James R. Lewis, who teaches religious studies at the University of Wisconsin— Stevens Point, was working in 1992 on a publication he had founded, Syzygy: Journal of Alternative Religion and Culture. Over three or four issues, he had collected a number of articles on UFO groups, and he realized the collection would make an interesting anthology. With Lewis as editor, State University of New York Press in 1995 published The Gods Have Landed: New Religions from Other Worlds, which Lewis describes as the first serious book about UFO sects. It included a chapter from Palmer about the Raelians, one from Robert Balch about what would become Heaven's Gate, and one co-written by Diana Tumminia about the Unarius Academy of Science.

The Gods Have Landed sold, Lewis said, but the study of UFO religions didn't gain notability until the Heaven's Gate suicides two years later. Since then, scholars have written journal articles and made conference presentations every year on UFO religions. "Right now, we've reached kind of a critical mass where we have a number of books moving toward publication," Lewis said. He has edited or written 21 books, of which all the general-reference books contain some information on UFO religions.

A UFO religions anthology he is editing for Syracuse University Press is provisionally entitled Alien Gods: Religious Dimensions of the UFO Phenomenon (2004). It includes chapters on the Raelians by Palmer and her Dawson College colleague Bryan Sentes; by Christopher Helland, a doctoral candidate at the University of Toronto's Centre for the Study of Religion; and by George Chryssides, a senior lecturer in religious studies at the University of Wolverhampton in England. Lewis is also editor of Encyclopedic Sourcebook of UFO Religions (Prometheus Books; Jan. 2003)—for which Palmer wrote about the Raelians—and Legitimating New Religions (Rutgers; Dec. 2003), with Raël planned for the cover.

A World of UFO Religions

Christopher Partridge, who teaches theology at Chester College, a college of the University of Liverpool, told PW that while a lot of books about UFO religions tend to be written from an Anglo-American perspective, he wanted to show a broader picture. UFO Religions—which he is editing and Routledge has scheduled for June release—includes a Finnish scholar's look at UFO traditions in Finland, an Australian academic's examination of cargo cults and a German researcher's discussion of UFO faiths in Germany. Wolverhampton's Chryssides contributes a chapter on the Raelian Movement, while Lewis writes about Heaven's Gate. Partridge provides a chapter on understanding UFO religions and "abduction spiritualities."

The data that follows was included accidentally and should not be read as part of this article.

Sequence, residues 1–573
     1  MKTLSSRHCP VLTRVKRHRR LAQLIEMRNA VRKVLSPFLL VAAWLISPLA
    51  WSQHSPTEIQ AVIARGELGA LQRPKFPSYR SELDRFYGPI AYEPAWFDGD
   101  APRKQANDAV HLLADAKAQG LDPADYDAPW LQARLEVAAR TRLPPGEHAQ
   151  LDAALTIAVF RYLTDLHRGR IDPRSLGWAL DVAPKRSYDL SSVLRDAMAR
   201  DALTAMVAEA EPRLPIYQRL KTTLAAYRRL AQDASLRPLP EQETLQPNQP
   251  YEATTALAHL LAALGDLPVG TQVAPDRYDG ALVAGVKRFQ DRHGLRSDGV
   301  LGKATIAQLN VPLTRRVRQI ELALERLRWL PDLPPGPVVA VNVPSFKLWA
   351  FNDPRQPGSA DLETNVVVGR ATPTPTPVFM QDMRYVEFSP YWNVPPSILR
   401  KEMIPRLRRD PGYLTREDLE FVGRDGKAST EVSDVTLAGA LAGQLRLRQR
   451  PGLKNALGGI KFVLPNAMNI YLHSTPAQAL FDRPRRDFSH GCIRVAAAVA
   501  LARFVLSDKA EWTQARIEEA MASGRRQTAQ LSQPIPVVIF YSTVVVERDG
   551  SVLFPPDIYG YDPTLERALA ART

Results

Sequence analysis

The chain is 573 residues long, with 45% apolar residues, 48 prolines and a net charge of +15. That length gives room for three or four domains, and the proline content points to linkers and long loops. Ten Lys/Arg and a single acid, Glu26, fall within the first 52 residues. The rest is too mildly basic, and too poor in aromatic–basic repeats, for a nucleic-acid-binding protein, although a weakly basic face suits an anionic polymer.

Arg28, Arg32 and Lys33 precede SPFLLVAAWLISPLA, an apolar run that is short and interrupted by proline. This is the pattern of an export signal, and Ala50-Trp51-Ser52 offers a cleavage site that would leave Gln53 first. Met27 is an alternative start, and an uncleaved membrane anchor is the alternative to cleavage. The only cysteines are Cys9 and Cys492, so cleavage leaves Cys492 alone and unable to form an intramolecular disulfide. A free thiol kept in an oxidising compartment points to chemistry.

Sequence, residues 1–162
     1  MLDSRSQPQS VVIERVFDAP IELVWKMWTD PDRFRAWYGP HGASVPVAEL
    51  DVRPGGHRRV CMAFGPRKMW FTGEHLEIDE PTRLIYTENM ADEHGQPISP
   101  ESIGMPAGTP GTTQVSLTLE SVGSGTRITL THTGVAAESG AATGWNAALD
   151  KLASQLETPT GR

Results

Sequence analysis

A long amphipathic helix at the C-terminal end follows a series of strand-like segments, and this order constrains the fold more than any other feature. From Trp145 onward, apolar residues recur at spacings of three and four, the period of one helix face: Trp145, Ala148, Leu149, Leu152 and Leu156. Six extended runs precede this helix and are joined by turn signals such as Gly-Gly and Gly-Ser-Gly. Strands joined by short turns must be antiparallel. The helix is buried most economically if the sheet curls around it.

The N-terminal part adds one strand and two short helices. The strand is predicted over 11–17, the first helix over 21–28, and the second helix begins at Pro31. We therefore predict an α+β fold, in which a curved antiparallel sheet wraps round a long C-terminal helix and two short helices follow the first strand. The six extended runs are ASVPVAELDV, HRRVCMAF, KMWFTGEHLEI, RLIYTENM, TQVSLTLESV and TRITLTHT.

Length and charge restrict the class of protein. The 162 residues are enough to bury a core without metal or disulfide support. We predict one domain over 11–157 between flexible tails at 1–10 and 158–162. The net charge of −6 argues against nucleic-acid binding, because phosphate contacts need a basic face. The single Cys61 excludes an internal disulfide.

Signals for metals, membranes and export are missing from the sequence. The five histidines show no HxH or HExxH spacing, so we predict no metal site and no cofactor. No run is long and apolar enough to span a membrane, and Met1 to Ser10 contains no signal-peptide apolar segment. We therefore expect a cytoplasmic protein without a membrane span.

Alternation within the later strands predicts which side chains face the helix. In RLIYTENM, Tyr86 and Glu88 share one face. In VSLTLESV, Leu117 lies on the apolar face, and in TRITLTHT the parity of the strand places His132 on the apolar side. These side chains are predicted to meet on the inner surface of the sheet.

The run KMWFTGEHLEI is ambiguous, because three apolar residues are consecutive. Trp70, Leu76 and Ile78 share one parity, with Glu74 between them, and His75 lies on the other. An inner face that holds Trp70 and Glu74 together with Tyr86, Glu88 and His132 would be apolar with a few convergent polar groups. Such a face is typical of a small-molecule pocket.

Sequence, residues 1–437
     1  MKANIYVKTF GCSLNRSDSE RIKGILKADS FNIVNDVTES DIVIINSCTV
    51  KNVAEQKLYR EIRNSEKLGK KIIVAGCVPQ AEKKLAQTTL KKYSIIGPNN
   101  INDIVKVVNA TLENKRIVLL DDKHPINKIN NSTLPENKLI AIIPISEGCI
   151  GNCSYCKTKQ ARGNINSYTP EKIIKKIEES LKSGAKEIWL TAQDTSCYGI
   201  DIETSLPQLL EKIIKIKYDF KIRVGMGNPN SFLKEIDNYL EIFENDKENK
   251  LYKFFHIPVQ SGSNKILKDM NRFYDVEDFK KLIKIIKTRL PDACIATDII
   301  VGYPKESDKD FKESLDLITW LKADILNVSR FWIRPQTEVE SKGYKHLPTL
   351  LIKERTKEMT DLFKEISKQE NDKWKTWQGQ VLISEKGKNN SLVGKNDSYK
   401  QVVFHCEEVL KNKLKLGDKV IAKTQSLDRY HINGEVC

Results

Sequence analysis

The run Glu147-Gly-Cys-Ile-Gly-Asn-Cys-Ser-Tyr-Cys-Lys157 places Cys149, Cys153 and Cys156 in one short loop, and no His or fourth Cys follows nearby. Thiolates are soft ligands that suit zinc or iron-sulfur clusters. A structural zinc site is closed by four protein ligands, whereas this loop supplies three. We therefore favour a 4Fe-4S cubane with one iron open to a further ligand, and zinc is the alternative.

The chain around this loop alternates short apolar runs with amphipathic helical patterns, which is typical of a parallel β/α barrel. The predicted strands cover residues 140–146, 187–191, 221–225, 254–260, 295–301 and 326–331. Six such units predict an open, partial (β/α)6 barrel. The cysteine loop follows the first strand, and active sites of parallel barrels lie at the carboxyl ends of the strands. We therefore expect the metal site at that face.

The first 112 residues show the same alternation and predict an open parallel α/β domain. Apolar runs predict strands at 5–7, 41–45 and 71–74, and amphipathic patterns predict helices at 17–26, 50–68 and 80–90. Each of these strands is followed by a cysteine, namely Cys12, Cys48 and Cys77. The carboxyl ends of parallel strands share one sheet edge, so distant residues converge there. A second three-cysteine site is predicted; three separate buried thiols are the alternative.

In UFO Religions, Daniel Wojcik, who teaches English and folklore studies at the University of Oregon in Eugene, discusses the apocalyptic and millenarian aspects of American UFOism. The University Press of Mississippi plans in early 2004 to publish Wojcik's UFO Visionary Art: Flying Saucer Technology and Creations of Ionel Talpazan. The book profiles Talpazan, a self-taught artist who depicts UFO images, Wojcik said, and considers how UFO art "often addresses universal religious concerns." These include "the origins of humanity, the reasons for evil and suffering, the promise of worldly transformation and a golden age, guidance and salvation offered by otherworldly beings who function as 'technological angels.' "

Are UFO accounts around the world echoing one another? Said Partridge, "They seem to be. That's my impression. There does seem to be a certain commonality to it." How much of this is due to the globalization of Western influences—seen in everything from fashions to fast food to television—is difficult to say. Partridge also is editing The Encyclopedia of New Religions (Lion Publishing; Jan. 2004), which will include information about UFO religions.

Knocking at Heaven's Gate

In 1975, Robert Balch, a sociology professor at the University of Montana in Missoula, encountered a tiny group then receiving heavy news coverage. About 20 people in what was known as Human Individual Metamorphosis had suddenly vanished from Oregon. Then some of the missing showed up near Missoula and held a meeting to attract followers. Balch, who happened to be on a leave of absence, infiltrated what eventually became Heaven's Gate. This summer, he expects to start writing a book based on 28 years of studying the group and interviewing the few surviving members, ex-members, parents and other relatives.

"Nobody else has really studied Heaven's Gate firsthand," said Balch. Aside from a small cluster of "pop" titles right after the suicides, Balch said scholarly articles or book chapters are all that have been published. Most writings about Heaven's Gate rely on what Balch and David Taylor, then a graduate sociology student who had also infiltrated the group, had published together, including a 1976 cover story for Psychology Today.

When Balch went to that first meeting, he introduced himself as a sociologist and asked about the possibility of hanging around. "They thought the spaceships were going to come along in just a matter of days," he recalled. Members of what Balch would label the "Bo and Peep UFO Cult" were trying to overcome their human habits, and thus were minimizing contact with the outside world. Balch had to join the group to find out what was going on inside, although he left a couple of months later, when his leave of absence was up. Over the years, he interviewed ex-members and parents of members.